Tuesday, 10 August 2010

Beans, beans

The purple and green beans make a nice contrast when they are raw

Beans, beans, we sang when we were kids, the musical fruit. Those were baked beans, those delicious little things swimming in rich tomato sauce. But today it is string beans about which I - er - wax poetic (sorry).

When I plant the garden in the spring, my head is full of anticipation of the eventual harvest: ripe tomatoes off the vine, carrots pulled and rinsed off with the garden hose, beets boiled, buttered and salted, sweet yellow corn similarly prepared. For some reason, I don't think about the beans. And yet, every year, I go crazy for them when they are ready, and I want them with every meal. And every year, the garden produces enough for every meal for many, many days.

The other night I spent a few seconds picking at the ends of the bean rows to get a handful of beans. Just standing in one place at the ends of the rows. And as I looked at them I realized how great they are. For the last three years I have been growing two varieties of string beans. The familiar green guys, and lovely purple ones.The purple ones turn a deep olive green when you boil them, sort of like a built in doneness indicator. In case you have never had them, I should tell you the taste is similar to the green ones but the texture is different. They are more tender than the green beans, at least the green beans I grow. So I went to the kitchen for a bowl and in no time I had a bowl brimming with purple and green beans.
Two minutes worth of picking
Purple beans turn olive green - time for butter

If you use the beans raw - say in a salad, the green and purple beans would make a nice contrast. Also, the purple ones contrast with the foliage of the bean plant, making them really easy to pick.
We just throw them in the pot together, boil them until the purple ones turn green, then drain them and throw in a little salt and pepper and too much butter. Put a lid on the pot and let them sit for a few minutes while the butter melts and the beans soak up the seasoning. Then toss them around. Then eat 'em. Then cook another batch to go with dinner. Trust me, when you plant beans, you will have enough beans to do this. Everyday.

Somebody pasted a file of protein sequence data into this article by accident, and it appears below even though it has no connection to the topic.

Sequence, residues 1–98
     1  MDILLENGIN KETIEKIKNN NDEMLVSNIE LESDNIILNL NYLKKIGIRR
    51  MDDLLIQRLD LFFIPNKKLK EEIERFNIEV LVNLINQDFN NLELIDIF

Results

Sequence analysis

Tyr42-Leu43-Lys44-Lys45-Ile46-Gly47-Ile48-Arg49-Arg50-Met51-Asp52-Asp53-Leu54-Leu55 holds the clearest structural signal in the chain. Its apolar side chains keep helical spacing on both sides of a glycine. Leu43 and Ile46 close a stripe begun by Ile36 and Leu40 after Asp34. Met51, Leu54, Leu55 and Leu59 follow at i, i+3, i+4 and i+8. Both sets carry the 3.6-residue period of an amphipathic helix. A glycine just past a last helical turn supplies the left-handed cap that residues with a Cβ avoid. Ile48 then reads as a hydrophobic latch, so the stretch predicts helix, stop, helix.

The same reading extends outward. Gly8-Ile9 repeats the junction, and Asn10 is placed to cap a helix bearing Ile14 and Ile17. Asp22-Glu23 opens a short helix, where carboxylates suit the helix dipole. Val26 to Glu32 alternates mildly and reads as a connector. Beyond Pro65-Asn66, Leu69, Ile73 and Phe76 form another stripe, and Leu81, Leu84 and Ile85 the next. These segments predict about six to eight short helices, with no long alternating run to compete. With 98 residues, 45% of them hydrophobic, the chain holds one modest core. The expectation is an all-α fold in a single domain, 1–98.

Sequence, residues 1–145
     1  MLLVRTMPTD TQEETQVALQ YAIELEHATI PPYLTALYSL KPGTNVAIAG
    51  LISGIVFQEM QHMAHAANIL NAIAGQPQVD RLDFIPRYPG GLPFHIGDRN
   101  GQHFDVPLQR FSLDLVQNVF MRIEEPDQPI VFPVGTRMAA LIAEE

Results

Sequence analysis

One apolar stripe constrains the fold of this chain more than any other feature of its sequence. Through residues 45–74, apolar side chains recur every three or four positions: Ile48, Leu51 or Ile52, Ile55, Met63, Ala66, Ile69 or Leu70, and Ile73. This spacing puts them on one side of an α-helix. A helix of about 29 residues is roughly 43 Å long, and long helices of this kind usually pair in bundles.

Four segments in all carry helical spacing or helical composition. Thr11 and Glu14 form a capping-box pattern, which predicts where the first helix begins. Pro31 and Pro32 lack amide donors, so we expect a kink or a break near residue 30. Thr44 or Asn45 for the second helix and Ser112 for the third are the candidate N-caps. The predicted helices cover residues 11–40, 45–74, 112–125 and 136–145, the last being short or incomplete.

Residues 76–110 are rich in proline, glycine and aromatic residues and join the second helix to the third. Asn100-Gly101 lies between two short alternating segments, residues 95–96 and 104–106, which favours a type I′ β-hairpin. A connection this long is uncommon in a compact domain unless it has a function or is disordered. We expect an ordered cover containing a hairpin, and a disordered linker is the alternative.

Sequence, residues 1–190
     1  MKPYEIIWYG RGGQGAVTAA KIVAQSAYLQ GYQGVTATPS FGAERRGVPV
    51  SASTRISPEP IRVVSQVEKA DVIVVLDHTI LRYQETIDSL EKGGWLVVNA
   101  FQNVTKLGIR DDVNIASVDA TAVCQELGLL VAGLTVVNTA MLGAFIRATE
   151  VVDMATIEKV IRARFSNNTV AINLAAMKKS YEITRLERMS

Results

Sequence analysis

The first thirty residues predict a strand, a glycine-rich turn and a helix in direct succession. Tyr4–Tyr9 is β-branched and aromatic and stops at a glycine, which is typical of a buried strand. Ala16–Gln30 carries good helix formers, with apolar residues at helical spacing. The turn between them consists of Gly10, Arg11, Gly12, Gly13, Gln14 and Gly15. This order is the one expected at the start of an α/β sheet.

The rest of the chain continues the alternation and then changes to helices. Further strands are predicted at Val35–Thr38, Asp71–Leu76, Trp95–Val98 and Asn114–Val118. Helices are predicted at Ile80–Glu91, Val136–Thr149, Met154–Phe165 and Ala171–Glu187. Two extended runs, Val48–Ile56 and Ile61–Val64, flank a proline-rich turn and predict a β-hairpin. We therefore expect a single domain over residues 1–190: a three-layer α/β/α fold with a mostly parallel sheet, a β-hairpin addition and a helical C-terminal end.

I planted two ten foot rows of purple beans this year and one row of green beans. Two weeks into the bean harvest both are going strong. Both varieties have flowers still, so there are many beans to come. They are easy to grow, too. Do a reasonable job of weeding, of course, so they don't get choked out. But even in my garden, where I manage to grow as much switch grass and alfalfa as I do vegetables, I have an abundant bean harvest.

So grow some beans. You'll be glad you did. If you can find them, try the purple ones.

You'll have to excuse me now; I have to run to the store. Seems we're out of butter...


Marie Anne said...

I planted a few beans in containers and along a small edge of the rental house I was in two years ago. Loved the purple beans!

I didn't have enough at any one time to put up for meals, so mostly just ate them right from the garden when I was weeding the rest. Yum!

Judith van Praag said...

When we lived in a rental I had a large terra cotta pot at our entrance with pole beans. They got the morning sun and the harvest was a-ma-zing. Green beans and garbanzos are the only legumes I can eat, so it's good I love both.
BTW Goat-Ama would you consider adding the "followers" gadget to your blog? I'd like to "follow".

Goat-ama said...

I have added the gadget - and thanks for the suggestion